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Smolensk Oblast (Russian: Смоле́нская о́бласть, Smolenskaya oblast; informal name — Smolenschina (Russian: Смоле́нщина)[14] is a federal subject of Russia (an oblast). Its administrative center is the city of Smolensk. As of the 2010 Census, its population was 985,537.[10]

Geography


The oblast was founded on September 27, 1937.[4] It borders Pskov Oblast in the north, Tver Oblast in the northeast, Moscow Oblast in the east, Kaluga Oblast in south, Bryansk Oblast in the southwest, and Mogilev and Vitebsk Oblasts of Belarus, in the west and northwest, as part of the Belarus–Russia border.

The main river of the region is the Dnieper River and its tributaries, Desna, Vop, Vyazma. By the rivers of the Volga basin and its tributary Vazuza Gzhat and tributary of the Oka river, Ugra. To the north-west flows a short section of the Western Dvina River and its tributary river Kasplya .

Among the major reservoirs supplying water are Moscow Vazuzssky Yauza and reservoirs in the north-east, as well as cooling power plants - Smolensk reservoir in the north near the village of Lake and Desnogorsk Reservoir in the south area of the city near the Desnogorsk .

The climate of Smolensk Oblast is humid continental, similar to the climate of Moscow Oblast, but slightly warmer in winter due to being located further west. Summers are short, warm and rainy, while winters are long, cold and snowy. Average temperatures range from −9 °C (16 °F) in January to 17 °C (63 °F) in July (although in the south it ranges from −8 °C (18 °F) in January to 18 °C (64 °F) in July). Annual precipitation varies from 630 to 730 millimeters per year.

Politics


During the Soviet period, the high authority in the oblast was shared between three persons: The first secretary of the Smolensk CPSU Committee (who in reality had the biggest authority), the chairman of the oblast Soviet (legislative power), and the Chairman of the oblast Executive Committee (executive power). Since 1991, CPSU lost all the power, and the head of the Oblast administration, and eventually the governor was appointed/elected alongside elected regional parliament.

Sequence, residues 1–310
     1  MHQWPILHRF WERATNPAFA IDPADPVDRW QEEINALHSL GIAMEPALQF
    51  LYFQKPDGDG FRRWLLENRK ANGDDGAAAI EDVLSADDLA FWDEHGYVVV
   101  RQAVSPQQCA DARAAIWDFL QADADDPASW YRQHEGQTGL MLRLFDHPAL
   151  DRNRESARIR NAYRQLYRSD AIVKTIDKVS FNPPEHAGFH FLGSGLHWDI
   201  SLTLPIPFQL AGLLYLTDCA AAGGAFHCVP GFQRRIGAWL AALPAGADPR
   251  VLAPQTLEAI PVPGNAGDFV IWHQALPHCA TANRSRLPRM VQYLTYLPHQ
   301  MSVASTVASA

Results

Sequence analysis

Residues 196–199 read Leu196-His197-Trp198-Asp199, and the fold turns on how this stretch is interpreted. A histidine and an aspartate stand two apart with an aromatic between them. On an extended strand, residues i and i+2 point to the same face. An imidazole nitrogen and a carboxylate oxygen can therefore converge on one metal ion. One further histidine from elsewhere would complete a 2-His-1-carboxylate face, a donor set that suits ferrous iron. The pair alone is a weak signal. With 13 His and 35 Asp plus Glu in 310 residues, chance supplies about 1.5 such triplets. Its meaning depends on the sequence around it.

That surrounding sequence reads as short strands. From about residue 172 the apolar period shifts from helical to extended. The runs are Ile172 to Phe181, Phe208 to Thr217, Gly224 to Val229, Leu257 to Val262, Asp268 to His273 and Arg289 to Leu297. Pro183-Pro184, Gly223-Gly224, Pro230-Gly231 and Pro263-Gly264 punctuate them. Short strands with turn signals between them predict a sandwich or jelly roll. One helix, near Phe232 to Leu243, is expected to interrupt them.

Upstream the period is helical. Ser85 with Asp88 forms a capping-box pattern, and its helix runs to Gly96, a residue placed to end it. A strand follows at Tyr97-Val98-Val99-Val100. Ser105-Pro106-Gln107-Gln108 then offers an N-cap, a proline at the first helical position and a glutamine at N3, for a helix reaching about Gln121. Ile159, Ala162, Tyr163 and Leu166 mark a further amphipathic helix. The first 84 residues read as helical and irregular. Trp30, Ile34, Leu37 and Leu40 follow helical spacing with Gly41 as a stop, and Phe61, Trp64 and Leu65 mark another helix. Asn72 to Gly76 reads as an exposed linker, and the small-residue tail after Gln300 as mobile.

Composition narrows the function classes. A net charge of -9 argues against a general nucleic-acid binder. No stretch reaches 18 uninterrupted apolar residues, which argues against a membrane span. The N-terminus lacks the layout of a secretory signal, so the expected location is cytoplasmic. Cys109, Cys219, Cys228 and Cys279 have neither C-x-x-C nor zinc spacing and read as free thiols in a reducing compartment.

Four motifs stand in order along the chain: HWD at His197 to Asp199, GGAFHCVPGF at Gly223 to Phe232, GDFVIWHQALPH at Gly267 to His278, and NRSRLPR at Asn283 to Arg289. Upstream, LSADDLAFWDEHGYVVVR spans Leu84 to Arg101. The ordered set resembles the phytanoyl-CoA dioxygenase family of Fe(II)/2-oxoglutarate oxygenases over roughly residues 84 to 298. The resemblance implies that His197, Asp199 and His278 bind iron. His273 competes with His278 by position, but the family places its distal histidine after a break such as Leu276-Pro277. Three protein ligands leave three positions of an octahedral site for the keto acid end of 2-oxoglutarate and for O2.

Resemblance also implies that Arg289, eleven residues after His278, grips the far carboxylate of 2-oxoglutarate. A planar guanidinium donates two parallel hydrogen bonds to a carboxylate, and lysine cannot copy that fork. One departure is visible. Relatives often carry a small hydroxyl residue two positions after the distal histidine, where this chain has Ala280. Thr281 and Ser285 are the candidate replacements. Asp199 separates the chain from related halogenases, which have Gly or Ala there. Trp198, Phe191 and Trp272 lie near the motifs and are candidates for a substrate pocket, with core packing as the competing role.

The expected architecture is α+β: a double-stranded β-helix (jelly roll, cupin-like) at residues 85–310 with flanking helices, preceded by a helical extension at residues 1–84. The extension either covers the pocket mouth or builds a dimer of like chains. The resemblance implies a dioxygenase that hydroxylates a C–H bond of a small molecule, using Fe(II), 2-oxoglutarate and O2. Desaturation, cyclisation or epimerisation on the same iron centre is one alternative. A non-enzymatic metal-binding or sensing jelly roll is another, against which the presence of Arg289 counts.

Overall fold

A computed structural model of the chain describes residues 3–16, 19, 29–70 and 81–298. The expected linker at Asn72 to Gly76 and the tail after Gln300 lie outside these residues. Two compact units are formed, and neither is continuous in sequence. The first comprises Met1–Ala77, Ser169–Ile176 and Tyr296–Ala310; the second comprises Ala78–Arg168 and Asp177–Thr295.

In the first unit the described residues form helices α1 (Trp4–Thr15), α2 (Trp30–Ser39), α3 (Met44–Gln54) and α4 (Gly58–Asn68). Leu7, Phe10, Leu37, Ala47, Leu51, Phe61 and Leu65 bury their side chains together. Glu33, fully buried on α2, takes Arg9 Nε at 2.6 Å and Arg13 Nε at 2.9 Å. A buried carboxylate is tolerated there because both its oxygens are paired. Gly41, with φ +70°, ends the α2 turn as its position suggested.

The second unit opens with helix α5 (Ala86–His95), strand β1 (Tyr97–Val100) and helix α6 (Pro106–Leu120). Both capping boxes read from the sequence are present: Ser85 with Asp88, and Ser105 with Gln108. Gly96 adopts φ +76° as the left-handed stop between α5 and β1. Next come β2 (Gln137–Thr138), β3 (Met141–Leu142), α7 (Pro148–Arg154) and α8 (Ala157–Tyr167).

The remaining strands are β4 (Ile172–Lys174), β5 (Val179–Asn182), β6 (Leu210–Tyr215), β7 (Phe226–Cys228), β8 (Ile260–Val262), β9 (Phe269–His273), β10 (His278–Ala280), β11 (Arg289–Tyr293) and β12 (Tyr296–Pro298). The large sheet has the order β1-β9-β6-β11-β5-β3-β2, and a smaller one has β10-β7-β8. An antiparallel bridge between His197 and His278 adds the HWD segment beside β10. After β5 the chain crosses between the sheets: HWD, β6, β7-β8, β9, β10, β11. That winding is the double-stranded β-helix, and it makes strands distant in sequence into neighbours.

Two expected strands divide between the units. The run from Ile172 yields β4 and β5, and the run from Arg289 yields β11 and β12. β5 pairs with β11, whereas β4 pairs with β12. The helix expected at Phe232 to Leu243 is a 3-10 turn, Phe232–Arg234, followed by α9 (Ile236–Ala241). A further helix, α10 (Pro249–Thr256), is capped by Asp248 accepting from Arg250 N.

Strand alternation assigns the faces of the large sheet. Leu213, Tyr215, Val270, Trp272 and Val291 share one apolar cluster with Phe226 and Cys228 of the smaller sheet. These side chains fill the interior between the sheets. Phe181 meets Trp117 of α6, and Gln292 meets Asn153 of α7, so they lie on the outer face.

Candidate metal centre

The Charter of Smolensk Oblast is the fundamental law of the region. The Legislative Assembly of Smolensk is the province's standing legislative (representative) body. The Legislative Assembly exercises its authority by passing laws, resolutions, and other legal acts and by supervising the implementation and observance of the laws and other legal acts passed by it. The highest executive body is the Oblast Government, which includes territorial executive bodies such as district administrations, committees, and commissions that facilitate development and run the day to day matters of the province. The Oblast administration supports the activities of the Governor who is the highest official and acts as guarantor of the observance of the oblast Charter in accordance with the Constitution of Russia.

Administrative divisions


Smolensk Oblast is divided into 25 districts (raions) and 2 cities, which are further divided into 15 towns, 12 urban-type settlements, and 302 rural okrugs.

Demographics


Population: 985,537 (2010 Census);[10] 1,049,574 (2002 Census);[15] 1,158,299 (1989 Census).[16]

  • Births: 10 289 (10.5 per 1000)
  • Deaths: 16 318 (16.7 per 1000) [17]
  • Total fertility rate:[18]

2009 - 1.40 | 2010 - 1.38 | 2011 - 1.40 | 2012 - 1.43 | 2013 - 1.48 | 2014 - 1.53 | 2015 - 1.52 | 2016 - 1.52(e)

According to the 2010 Census, the ethnic composition of the oblast was as follows:[10]

  • Russians: 94.6%
  • Ukrainians: 1.3%
  • Belarusians: 1.3%
  • Armenians: 0.5%
  • Others: 2.3%
  • 41,457 people were registered from administrative databases, and could not declare an ethnicity. It is estimated that the proportion of ethnicities in this group is the same as that of the declared group.[19]

According to a 2012 survey[20] 19.5% of the population of Smolensk Oblast adheres to the Russian Orthodox Church, 7% are unaffiliated generic Christians, 3% are Orthodox Christian believers who do not belong to church or belong to other (non-Russian) Orthodox churches, 2% are Old Believers, 1% are adherents of the Slavic native faith (Rodnovery) movement, 0.4% are members of the Catholic Church. In addition, 45% of the population declares to be "spiritual but not religious", 13% is atheist, and 9.1% follows other religions or did not give an answer to the question.[20]

Notable people


See also


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